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On January 20, 2016, Republican members of the House of Representatives’ Financial Services Committee issued a report titled Unsafe at Any Bureaucracy, Part II: How the Bureau of Consumer Financial Protection Removed Anti-Fraud Safeguards to Achieve Political Goals, which criticizes the Consumer Financial Protection Bureau (CFPB) for its actions following its 2013 enforcement action against auto finance company Ally Financial Inc. and Ally Bank (collectively, Ally).

The Committee’s report focuses on the CFPB’s approach in designing and implementing the settlement process for the allegedly harmed minority consumers.  According to the report, the CFPB employed unreasonable processes to identify affect consumers that the CFPB knew were flawed.  The report alleges that “political exigency required the Bureau to design a process that would ensure that a sufficient number of alleged victims would be identified as eligible claimants,” because at the outset of the Ally enforcement action Director Cordray publicly announced that at least 235,000 consumers harmed by Ally would be paid $80 million, even though he “did not know the race of a single borrower in any vehicle finance contract purchased by Ally.”

In order to identify at least 235,000 allegedly affected consumers, the CFPB utilized statistics generated by using disparate impact methodology, known as Bayesian Improved Surname Geocoding (BISG), which the Committee blasted in an earlier November 24, 2015 report, discussed below.  The CFPB then sent notices to two groups of consumers that it identified as potentially affected.  As to the first group of consumers, the CFPB sent them a mailing that simply notified them that they would receive remuneration unless they expressly opted out.  The claims administrator sent out 201,212 notices to those consumers and only 0.46% of those consumers opted out.  As to the second group of consumers, the CFPB sent them a notice that indicated that they may be eligible for a payment, but to be eligible the consumer must be African American, Black, Hispanic, Latino, of Spanish origin, Asian, Native Hawaiian, or other Pacific Islander.  The second group of consumers were required to sign a participation form and send it to the claims administrator.  The claims administrator mailed 218,457 notices to the second group of consumers and 47.92% of consumers returned opt-in forms.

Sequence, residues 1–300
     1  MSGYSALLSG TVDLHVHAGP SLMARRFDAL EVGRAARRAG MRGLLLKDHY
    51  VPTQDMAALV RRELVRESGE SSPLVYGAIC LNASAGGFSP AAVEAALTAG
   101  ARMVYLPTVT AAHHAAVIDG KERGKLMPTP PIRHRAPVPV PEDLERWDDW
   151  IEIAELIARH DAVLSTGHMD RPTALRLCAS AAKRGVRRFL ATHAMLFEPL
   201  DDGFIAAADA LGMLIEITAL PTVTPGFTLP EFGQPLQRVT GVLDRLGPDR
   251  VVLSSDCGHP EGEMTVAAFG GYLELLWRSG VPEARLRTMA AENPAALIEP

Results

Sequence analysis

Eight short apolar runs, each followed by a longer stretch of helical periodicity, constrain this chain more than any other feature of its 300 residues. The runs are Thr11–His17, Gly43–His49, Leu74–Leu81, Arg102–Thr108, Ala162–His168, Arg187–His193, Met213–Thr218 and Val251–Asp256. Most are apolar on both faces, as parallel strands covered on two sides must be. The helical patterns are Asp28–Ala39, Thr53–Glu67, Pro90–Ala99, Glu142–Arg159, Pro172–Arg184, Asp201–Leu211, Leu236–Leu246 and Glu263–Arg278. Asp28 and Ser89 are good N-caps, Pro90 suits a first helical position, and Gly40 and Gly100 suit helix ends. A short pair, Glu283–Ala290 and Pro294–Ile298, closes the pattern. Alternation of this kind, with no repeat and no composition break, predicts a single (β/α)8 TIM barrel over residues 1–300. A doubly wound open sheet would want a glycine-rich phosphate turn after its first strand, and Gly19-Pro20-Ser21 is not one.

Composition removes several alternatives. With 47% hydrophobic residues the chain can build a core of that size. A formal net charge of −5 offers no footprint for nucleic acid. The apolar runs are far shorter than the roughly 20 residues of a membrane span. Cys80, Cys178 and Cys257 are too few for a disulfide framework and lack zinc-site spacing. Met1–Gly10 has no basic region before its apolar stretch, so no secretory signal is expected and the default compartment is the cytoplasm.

The Committee’s report criticized the CFPB’s failure to require any consumer from any group to (i) identify which minority group they associate with; (ii) affirm under oath that they were part of an affected minority group and otherwise entitled to payment.  The report further pointed out that by permitting the first group of consumers to passively participate in the settlement without requiring them to expressly opt-in, the number of participating consumers were artificially high.  As a result of CFPB’s settlement process, not only was the CFPB able to reach its initial estimates that at least 235,000 consumers would receive at least $80 million, but it also all but guarantees that non-minorities will also receive compensation.  In other words, the CFPB’s approach results in White, unharmed, consumers being compensated at the expense of Ally, simply to ensure that enough consumers were compensated to support Director Cordray’s initial remarks about the magnitude of the enforcement action.